Washington. Operation Desert Storm may have changed the way wars are fought, say experts, not because it introduced new technologies -- it didn't -- but because it showed how technology is making warfare more efficient.
"What this war did was give us a peek into what can be done when you combine modern conventional munitions with improved delivery systems," said military analyst John D. Steinbruner of the Brookings Institution.
Being able to bomb selectively -- to devastate military and strategic installations in Baghdad and Basra with what appears to have been relatively few civilian casualties and little damage to surrounding structures -- "is a form of military power that nobody has had before," Mr. Steinbruner said.
But it is also a "dangerous and troubling" achievement, he continued, because, as shown in Iraq, modern weapons "can produce very severe disruption in civilian society, even if they appear to be clean and precise."
The fact that not all the "smart" bombs and computer-programmed cruise missiles struck their designated targets showed they were still far from perfect, he said, but their overall success undoubtedly will spur improvement.
The growing sophistication of modern weaponry could require revision of international agreements on warfare, he said. Countries in dispute may now be more inclined to resort to war if they believe it can be done "surgically."
Had the laser-guided and TV-directed bombs, the Tomahawk cruise missiles, the F-series fighters and fighter-bombers not been so accurate, he said, the world may not have tolerated the U.S. and allied bombing of Iraq for as long as it did.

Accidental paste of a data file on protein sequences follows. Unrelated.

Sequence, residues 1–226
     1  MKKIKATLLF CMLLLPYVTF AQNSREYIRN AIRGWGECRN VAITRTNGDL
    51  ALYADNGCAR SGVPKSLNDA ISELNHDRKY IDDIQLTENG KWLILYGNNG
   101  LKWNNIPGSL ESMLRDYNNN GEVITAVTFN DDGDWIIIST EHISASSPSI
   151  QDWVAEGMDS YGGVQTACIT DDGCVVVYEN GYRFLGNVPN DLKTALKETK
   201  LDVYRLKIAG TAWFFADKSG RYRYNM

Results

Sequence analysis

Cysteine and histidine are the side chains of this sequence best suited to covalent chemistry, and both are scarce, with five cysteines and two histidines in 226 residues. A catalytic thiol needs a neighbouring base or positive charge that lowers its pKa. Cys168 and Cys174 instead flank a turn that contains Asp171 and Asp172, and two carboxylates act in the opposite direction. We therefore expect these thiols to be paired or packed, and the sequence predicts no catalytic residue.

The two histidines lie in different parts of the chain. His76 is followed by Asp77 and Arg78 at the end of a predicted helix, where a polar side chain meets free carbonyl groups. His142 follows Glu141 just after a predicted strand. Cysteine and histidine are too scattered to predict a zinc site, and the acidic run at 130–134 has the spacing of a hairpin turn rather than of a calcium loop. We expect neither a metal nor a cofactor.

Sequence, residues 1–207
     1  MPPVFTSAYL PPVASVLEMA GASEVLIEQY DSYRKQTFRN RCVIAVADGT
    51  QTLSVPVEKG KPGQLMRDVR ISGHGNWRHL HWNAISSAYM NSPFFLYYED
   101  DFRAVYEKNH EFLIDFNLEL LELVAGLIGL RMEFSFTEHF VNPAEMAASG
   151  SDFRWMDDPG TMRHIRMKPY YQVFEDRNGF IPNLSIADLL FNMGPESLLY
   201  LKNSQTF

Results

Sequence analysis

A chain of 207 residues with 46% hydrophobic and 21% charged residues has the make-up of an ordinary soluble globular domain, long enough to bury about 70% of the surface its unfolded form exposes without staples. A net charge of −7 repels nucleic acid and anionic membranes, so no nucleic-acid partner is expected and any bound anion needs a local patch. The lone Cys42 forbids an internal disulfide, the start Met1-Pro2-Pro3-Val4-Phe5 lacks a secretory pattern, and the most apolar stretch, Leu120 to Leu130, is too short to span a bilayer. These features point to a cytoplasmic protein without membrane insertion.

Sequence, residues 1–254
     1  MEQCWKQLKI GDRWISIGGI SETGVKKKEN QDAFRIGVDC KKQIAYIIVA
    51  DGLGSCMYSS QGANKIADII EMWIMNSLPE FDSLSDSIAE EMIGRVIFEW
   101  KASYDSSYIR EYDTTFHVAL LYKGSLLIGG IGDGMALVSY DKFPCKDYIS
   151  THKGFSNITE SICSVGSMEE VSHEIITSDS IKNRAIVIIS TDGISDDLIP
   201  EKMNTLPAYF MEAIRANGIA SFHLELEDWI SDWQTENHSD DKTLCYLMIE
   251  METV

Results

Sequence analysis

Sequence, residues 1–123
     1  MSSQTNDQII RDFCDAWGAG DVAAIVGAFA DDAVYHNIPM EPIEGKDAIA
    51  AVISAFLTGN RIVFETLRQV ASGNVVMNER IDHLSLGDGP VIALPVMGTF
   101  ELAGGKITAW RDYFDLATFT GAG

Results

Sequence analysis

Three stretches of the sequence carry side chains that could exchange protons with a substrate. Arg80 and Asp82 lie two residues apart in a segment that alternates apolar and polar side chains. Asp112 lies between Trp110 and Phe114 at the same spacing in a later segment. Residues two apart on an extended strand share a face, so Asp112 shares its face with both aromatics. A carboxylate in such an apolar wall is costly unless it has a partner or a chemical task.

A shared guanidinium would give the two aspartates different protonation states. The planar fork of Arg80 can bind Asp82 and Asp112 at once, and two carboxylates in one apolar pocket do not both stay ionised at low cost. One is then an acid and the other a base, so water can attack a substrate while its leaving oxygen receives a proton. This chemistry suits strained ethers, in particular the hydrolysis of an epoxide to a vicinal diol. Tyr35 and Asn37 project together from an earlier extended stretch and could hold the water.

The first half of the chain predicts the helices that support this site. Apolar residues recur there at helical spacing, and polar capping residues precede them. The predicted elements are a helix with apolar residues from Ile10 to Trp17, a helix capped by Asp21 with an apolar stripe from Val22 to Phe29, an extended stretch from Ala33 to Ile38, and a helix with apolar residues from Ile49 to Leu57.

Military analysts say the biggest problem in assessing the war was the surprisingly tepid performance by Iraq's military, which provided few clues as to how a more efficient power would have responded.
The Iraqi air force, for example, hardly figured at all in the war, which gave the coalition air forces little by which to gauge their combat performances, said Seth Carus, military analyst of the Washington Institute for Near East Policy.
On the other hand, he said, the ability of the allies to virtually paralyze Iraq's air defenses early in the campaign may signify the strength of systems like Stealth fighters, "J-Stars" battlefield surveillance and control aircraft and even modern night-vision equipment.
Impressive as it might have been, though, much of the technology that proved so effective in Desert Storm, like guided bombs, radar-jamming and night vision equipment, was really no more than refinement of decades-old weaponry, said Capt. George Cully of the U.S. Air Force Historical Research Center at Maxwell air base in Alabama.
"We had the concepts of the technologies, but not the sophistication that we have now," he said.
Even the Stealth technology that proved so effective in slipping past the Iraqi surveillance systems, he said, was only a sophistication of the age-old concepts of camouflage and concealment.
The coalition successes in the gulf, however, also were attributable to factors that are more mundane but just as crucial, Captain Cully said.
The jet fighters and bombers employed in Desert Storm, for example, were able to sustain an unprecedented high rate of sorties because they were more reliable -- able to fly 30 times longer without maintenance on average than the U.S. aircraft used in Korea and Vietnam in the 1950s and early 1960s, he said.
In addition, a fighter-bomber such as the F-15E used against Iraq was able to carry almost as much bomb weight as a B-17 bomber did in World War II, he said. And not only were the gulf warplanes able to carry more bombs, but the bombs themselves were delivered more accurately, consequently with far greater effect.